A warming planet

Im Focus: Highly precise wiring in the Cerebral Cortex

Our brains house extremely complex neuronal circuits, whose detailed structures are still largely unknown. This is especially true for the so-called cerebral cortex of mammals, where among other things vision, thoughts or spatial orientation are being computed. Here the rules by which nerve cells are connected to each other are only partly understood. A team of scientists around Moritz Helmstaedter at the Frankfiurt Max Planck Institute for Brain Research and Helene Schmidt (Humboldt University in Berlin) have now discovered a surprisingly precise nerve cell connectivity pattern in the part of the cerebral cortex that is responsible for orienting the individual animal or human in space.

The researchers report online in Nature (Schmidt et al., 2017. Axonal synapse sorting in medial entorhinal cortex, DOI: 10.1038/nature24005) that synapses in...

Im Focus: Tiny lasers from a gallery of whispers

New technique promises tunable laser devices

Whispering gallery mode (WGM) resonators are used to make tiny micro-lasers, sensors, switches, routers and other devices. These tiny structures rely on a...

Im Focus: Ultrafast snapshots of relaxing electrons in solids

Using ultrafast flashes of laser and x-ray radiation, scientists at the Max Planck Institute of Quantum Optics (Garching, Germany) took snapshots of the briefest electron motion inside a solid material to date. The electron motion lasted only 750 billionths of the billionth of a second before it fainted, setting a new record of human capability to capture ultrafast processes inside solids!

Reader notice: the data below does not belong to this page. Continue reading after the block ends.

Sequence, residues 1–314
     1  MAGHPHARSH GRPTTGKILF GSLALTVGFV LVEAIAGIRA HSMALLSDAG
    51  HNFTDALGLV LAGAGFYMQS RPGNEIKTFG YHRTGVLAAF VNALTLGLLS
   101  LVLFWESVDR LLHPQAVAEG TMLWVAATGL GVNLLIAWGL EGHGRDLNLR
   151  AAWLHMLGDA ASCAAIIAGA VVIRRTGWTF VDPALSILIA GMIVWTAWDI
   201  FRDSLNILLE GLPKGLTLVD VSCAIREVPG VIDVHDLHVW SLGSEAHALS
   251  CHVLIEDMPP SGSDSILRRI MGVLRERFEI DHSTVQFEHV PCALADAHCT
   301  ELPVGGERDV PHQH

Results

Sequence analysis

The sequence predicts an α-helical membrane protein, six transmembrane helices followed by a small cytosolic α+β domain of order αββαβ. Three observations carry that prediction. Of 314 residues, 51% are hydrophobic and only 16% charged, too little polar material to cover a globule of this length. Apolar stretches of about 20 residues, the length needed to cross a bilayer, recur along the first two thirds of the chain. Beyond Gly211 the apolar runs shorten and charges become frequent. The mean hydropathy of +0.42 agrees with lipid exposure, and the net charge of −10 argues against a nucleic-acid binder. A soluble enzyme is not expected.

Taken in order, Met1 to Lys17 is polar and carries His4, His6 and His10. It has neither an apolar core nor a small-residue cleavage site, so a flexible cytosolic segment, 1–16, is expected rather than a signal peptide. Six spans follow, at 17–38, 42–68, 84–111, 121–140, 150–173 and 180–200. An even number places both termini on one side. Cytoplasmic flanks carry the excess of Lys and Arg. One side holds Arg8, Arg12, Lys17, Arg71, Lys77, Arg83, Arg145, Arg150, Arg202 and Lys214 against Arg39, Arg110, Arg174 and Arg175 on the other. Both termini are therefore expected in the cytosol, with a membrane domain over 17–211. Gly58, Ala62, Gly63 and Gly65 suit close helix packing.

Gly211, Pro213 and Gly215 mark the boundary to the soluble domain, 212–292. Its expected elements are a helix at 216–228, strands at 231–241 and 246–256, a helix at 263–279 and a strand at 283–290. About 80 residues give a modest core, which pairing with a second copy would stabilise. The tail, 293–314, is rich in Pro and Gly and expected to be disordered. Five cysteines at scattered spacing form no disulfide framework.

When x-rays shine onto solid materials or large molecules, an electron is pushed away from its original place near the nucleus of the atom, leaving a hole...

Im Focus: Quantum Sensors Decipher Magnetic Ordering in a New Semiconducting Material

For the first time, physicists have successfully imaged spiral magnetic ordering in a multiferroic material. These materials are considered highly promising candidates for future data storage media. The researchers were able to prove their findings using unique quantum sensors that were developed at Basel University and that can analyze electromagnetic fields on the nanometer scale. The results – obtained by scientists from the University of Basel’s Department of Physics, the Swiss Nanoscience Institute, the University of Montpellier and several laboratories from University Paris-Saclay – were recently published in the journal Nature.

Multiferroics are materials that simultaneously react to electric and magnetic fields. These two properties are rarely found together, and their combined...

All Focus news of the innovation-report >>>

Anzeige

Anzeige

Event News

“Lasers in Composites Symposium” in Aachen – from Science to Application

19.09.2017 | Event News

I-ESA 2018 – Call for Papers

12.09.2017 | Event News

EMBO at Basel Life, a new conference on current and emerging life science research

06.09.2017 | Event News

 
Latest News

Rainbow colors reveal cell history: Uncovering β-cell heterogeneity

22.09.2017 | Life Sciences

Penn first in world to treat patient with new radiation technology

22.09.2017 | Medical Engineering

Calculating quietness

22.09.2017 | Physics and Astronomy

VideoLinks
B2B-VideoLinks
More VideoLinks >>>